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Monday, June 20, 2011


("Inspiration" - linocut by Gabisile Nkosi)

Running at the African Art Centre is an exhibition in memory of the late well-known artist Gabi Nkosi who was born in 1974 in Umlazi, Durban. In her short life, she managed to build a significant career as an artist, community catalyst, printmaker and mentor.

As a young girl she was greatly inspired by her art teacher at Ogwini High School in Umlazi and later by Pat Khoza from the Durban Art Gallery. In 2002, she received her B Tech in Fine Art from the Durban University of Technology where she was mentored by Jan Jordaan.

As a newly graduated printmaker, Gabi was invited to participate in an International Residential Fellowship at Caversham Press and was given the opportunity to work with three internationally acclaimed artists. Together they created a body of prints around the theme of Baggage for an exhibition. It was this experience, which she said changed her life and where she realized the significance and importance of art and how it could change a person’s life. (Versveld, S. 2008)

Gabi was associated with Art for Humanity (AFH) for almost ten years and participated in two print portfolio projects. In 2000, she contributed a linocut titled Break the Silence to the HIV/AIDS Billboard and Portfolio Project and in 2005 she collaborated with Cape-Town based poet Mavis Smallberg on AFH’s Women for Children print portfolio where she strongly advocated women’s rights in her linocut, titled Sisterhood.

In 2002, she was appointed as the first Training Programme Manager and Community Coordinator at Caversham and was responsible for assisting with workshops and developing artistic programmes in the local communities. As a result of her passion and commitment she established the first CreACTive Centre, Ulwazi at Jabula Combined School in Lidgetton.

Gabi created strong links with the African Art Centre. In 1996, the young aspiring artist enrolled in the Saturday morning Velobala Art Classes presented by the African Art Centre and later she participated in workshops and art projects including the Thupelo Art Workshops facilitated and presented by the Centre. In 2001 Gabi mentored a group of young artists attending the Velobala Art Classes. Her last exhibition, titled Ukwelapha: Healing was mounted at the African Art Centre in 2007.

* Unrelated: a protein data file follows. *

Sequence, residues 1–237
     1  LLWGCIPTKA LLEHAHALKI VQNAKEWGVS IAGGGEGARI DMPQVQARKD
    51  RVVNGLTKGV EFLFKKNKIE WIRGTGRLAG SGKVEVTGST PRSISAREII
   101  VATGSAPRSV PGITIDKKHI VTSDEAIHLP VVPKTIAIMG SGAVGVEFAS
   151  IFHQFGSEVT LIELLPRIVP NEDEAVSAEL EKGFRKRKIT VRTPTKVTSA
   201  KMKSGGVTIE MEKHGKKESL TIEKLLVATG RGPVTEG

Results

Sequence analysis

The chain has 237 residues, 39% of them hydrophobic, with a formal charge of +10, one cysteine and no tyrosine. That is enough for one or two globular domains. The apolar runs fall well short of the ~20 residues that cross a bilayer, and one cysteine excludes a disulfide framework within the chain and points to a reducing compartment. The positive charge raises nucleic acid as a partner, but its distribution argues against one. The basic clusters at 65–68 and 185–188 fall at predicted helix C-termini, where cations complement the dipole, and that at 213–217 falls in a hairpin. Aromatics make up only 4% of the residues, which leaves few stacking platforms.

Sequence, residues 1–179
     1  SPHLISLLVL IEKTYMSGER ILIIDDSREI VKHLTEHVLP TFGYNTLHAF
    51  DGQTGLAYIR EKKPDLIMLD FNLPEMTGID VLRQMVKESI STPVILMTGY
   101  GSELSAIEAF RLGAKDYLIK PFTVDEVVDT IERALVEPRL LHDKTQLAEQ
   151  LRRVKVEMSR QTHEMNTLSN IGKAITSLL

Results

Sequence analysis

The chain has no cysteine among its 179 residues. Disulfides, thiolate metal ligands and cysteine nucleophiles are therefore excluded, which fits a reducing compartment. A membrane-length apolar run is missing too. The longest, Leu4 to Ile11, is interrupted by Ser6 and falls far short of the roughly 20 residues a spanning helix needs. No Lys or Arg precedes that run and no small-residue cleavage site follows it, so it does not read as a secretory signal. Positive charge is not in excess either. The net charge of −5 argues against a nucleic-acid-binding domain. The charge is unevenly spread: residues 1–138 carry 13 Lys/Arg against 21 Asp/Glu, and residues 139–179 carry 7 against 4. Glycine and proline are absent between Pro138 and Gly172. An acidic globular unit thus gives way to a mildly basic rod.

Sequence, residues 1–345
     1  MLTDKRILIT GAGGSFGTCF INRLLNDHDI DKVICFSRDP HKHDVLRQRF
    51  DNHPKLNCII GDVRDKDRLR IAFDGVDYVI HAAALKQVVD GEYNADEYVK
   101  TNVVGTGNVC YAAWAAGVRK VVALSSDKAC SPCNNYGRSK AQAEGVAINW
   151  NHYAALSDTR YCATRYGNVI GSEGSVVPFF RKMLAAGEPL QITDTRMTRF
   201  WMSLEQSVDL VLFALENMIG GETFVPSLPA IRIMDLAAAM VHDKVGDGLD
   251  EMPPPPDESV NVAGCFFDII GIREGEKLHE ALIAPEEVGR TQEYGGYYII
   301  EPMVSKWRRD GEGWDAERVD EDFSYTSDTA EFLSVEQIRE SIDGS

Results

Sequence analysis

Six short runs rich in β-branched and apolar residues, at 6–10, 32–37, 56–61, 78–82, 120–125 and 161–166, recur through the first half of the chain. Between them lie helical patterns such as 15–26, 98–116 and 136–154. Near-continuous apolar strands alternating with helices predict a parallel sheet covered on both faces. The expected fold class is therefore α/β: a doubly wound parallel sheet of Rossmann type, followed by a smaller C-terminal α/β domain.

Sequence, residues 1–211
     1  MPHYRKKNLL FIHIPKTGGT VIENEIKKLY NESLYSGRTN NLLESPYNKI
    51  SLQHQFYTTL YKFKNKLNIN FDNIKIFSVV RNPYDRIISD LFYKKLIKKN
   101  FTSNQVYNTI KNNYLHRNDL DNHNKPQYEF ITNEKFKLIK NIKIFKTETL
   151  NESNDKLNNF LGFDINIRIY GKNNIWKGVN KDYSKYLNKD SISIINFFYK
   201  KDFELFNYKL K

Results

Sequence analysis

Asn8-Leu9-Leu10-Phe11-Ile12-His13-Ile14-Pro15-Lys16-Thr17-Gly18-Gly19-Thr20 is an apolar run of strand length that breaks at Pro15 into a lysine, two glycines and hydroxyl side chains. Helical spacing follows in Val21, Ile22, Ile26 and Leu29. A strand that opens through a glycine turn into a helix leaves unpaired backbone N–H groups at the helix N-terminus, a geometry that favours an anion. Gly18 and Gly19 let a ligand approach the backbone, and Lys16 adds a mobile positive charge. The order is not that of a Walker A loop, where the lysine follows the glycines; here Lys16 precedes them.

Besides being a remarkable printmaker, Gabi was a devout Christian and a dedicated mother to her son, Sandile. She worked closely and collaborated with numerous well-known artists and through hard work and dedication she honed her skills and firmly established herself as a printmaker of note. She was particularly interested in the therapeutic effects of art making and used the skills she had acquired to enrich and augment the lives of women who had been abused and damaged through domestic violence. She participated in numerous exhibitions in South Africa and abroad and her work is represented in both National and International collections.

Gabisile was tragically killed in her home in Lidgetton on May 27, 2008. Three years after her death the African Art Centre remembers a remarkable artist, a dedicated mother, activist and above all humanitarian in Gabisile Nkosi Remembered (1974-2008).

The African Art Centre is situated at 94 Florida Road, Morningside. More information from the Director, Sharon Crampton, on 031 312 3805 or email or visit